To generate data, an experimental design was followed, using the approach developed by Yesuf and Bluffstone (2009). The design consists of two versions of path dependence elicitation tasks: gains only and gains and losses. Each version of the game has framed prospects, each with a 50% probability of being a good day and a 50% probability of being a bad day. Each subject is asked to choose one framed choice out of the five prospects available (Appendix 1) per round. After choosing one amongst the five available prospects per round (one at a time), a coin is tossed per round: if the outcome of the toss is head, then the subject receives the reward of a good day on that prospect; however, if the outcome of the toss is tail, the reward of a bad day is given. From Appendix 1, it can be seen that if the subject chooses prospect 5 of the first round, whether the subject gets head or tail, a return of R2.502 is given out – earnings for sure (certainty, zero risk). If the subject chooses any other prospect, for example, prospect 1, a coin is tossed; if head, a good day return of R10 is given out, otherwise R0 is given out because it will be a bad day. The degree of risk aversion decreases (moving from certainty to more uncertain prospects) as subjects choose prospects towards the bottom option list (prospect 1).

The 1st, 2nd and 3rd rounds are done using real monetary pay-off where individuals are paid real money associated with the decision they have made and the outcome of the game (Wilk et al. 2004). The three rounds involve small to intermediate pay-offs which are equivalent to the net cash flow subjects obtain given a bad or a good day in their current economic activities. The 4th and 5th rounds are hypothetical lotteries that do not enable real payments of outcomes. Hypothetical pay-off is based on hypothetically framed questions concerning the risk and outcomes but without any pay-off being paid (Wilk et al. 2004). The study is also interested in comparing risk preferences across the two forms of pay-offs.

The experiment is summarised using the z-measure developed by Abderrezak (1985). The z-measure is equal to the change in the expected value of the prospect divided by the change in standard deviation of the prospect (Abderrezak 1985). The subjects are informed about the five prospects, all having similar costs but different output levels depending on a 50% probability of good or bad outcome; for each alternative, the expected gain and range increase, as shown in the good and bad outcomes of each of the prospects.

Given this set-up, one is able to explicitly test for decreasing absolute risk aversion (DARA) and increasing partial risk aversion (IPRA)-type behaviours. Absolute risk aversion is investigated by presenting an identical choice set (e.g. Table 1) to households who have different levels of wealth. Wealth of each subject could not be determined a priori; therefore, we controlled for wealth ex post using information generated from the survey (see Appendix 3) measuring access to different kinds of assets (around the key livelihood assets).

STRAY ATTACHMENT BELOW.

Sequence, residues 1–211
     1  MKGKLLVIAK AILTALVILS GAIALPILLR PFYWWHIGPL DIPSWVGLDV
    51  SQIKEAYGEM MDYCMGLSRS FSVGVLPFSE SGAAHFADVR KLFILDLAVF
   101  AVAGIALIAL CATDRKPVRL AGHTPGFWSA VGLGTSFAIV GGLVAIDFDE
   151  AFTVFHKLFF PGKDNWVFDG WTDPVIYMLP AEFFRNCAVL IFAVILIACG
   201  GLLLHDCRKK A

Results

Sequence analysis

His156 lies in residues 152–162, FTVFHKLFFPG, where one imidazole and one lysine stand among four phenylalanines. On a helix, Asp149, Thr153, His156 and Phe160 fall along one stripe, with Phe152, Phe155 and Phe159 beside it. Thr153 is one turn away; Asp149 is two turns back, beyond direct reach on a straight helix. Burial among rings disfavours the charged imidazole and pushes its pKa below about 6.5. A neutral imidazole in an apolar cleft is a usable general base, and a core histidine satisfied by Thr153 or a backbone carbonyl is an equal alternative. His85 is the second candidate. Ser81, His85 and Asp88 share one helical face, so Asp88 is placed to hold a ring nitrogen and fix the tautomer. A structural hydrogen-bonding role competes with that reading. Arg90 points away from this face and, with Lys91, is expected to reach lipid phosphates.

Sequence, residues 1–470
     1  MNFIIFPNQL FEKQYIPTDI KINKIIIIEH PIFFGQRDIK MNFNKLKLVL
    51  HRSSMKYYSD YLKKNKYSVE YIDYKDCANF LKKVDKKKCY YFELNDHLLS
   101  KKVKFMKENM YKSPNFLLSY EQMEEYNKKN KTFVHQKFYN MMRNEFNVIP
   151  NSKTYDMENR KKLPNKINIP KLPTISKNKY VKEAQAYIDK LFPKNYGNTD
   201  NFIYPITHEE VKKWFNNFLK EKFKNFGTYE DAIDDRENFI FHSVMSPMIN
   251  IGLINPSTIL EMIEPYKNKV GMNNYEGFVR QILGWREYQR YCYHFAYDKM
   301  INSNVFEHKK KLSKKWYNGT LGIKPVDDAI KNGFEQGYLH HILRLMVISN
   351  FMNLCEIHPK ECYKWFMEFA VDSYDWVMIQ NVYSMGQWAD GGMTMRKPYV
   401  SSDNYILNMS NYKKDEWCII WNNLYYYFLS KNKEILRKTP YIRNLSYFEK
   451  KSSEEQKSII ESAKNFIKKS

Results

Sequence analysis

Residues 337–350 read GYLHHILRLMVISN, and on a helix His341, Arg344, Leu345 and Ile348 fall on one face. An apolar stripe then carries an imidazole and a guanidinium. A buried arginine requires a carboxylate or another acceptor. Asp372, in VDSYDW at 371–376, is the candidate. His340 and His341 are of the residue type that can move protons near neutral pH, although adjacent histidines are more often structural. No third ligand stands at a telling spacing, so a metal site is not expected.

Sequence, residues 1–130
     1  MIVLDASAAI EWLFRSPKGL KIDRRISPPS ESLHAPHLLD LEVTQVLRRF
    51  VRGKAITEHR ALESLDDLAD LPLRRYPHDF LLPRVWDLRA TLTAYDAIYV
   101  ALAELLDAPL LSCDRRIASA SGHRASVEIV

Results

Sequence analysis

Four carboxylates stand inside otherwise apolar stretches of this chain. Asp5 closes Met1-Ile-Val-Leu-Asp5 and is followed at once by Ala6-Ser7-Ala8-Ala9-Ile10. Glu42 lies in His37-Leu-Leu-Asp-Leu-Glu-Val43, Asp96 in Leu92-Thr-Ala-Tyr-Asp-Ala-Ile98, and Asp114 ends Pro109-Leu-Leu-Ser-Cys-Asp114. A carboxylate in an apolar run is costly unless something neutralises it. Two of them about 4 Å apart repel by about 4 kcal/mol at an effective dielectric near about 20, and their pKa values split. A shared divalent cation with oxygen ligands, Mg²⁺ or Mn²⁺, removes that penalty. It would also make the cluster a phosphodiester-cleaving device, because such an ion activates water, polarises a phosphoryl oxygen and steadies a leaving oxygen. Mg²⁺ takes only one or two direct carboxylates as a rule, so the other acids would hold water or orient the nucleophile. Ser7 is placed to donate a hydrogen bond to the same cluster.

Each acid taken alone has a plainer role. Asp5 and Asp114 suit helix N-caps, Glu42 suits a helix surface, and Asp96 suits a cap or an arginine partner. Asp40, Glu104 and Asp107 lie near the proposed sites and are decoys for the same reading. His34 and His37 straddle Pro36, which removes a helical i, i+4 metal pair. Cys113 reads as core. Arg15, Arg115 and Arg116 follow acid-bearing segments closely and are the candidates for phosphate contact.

TABLE 1: Round 1: Illustration with upper and lower limits per prospect.

Langlois and Cosgel (1993); Sandmo (2010) defined risk aversion as a scenario where individuals prefer lower return with certainty than higher return with uncertainty. However, in the 1980s, two definitions emerged, with the first one established by Abderrezak (1985): non-expected utility theories are used to define risk aversion as the difference between certainty equivalence and the expected value under consideration. According to Segal and Spivak (1990), the second definition was proposed by Chew, Karni and Safra (1987), which asserts that risk aversion exists when preferences decrease as risk increases. Even though the definitions look different, when the von Neumann–Morgenstern theorem is applied to the two definitions, it depicts a concave utility function in both. To test for IPRA responses, we then increased the outcomes (pay-offs) of the first-line choice set (prospect 5) by factors of 10, 12.5, 25 and 25. These are prospects 5, in rounds 2–5.

We summarise our experimental results in risk aversion measures using a constant partial risk aversion (CPRA) utility function of the form U = (1−γ)c(1−γ), where γ is the coefficient of risk aversion and c is the certainty equivalent of a prospect. The basic structure of the experiment, using Round 1 as an example and including the upper and lower limits of the CPRA coefficients, is given in Table 1. We control for order and money effects by randomising the order of games within each category. It is imperative to note that path dependence is considered as being locked in a state by history (Arthur 1983) continuing to make the same choices despite the outcome (more especially negative outcomes).

After completing the gains-only experiment (rounds 1–5), tasks with the possibility of both gains and losses (see Appendix 2) are offered to each subject that qualifies and is willing to participate in that variant. Given the poverty of most participants and that we needed to observe the actions of subjects after performance in the first set of games, we did not force households to participate in the second part of the experiment. For a similar reason, it is necessary to conduct the gains-only games first and subjects accumulate earnings that will be used to cover loses in gains and losses game. Option to participate in gains and losses task is given to those who have earned at least R150 from the gains only and elect to participate (subjects had an option not to participate without any repercussions and this was made known to them from the beginning). Out of our conveniently recruited sample of 205 adults aged between 18 and 60 years, 196 subjects were eligible to play the ‘gains and losses’ task (had earned at least R150 from gains only task), but 10 subjects decided not to participate and these are treated as extremely risk averse, leaving 186 subjects.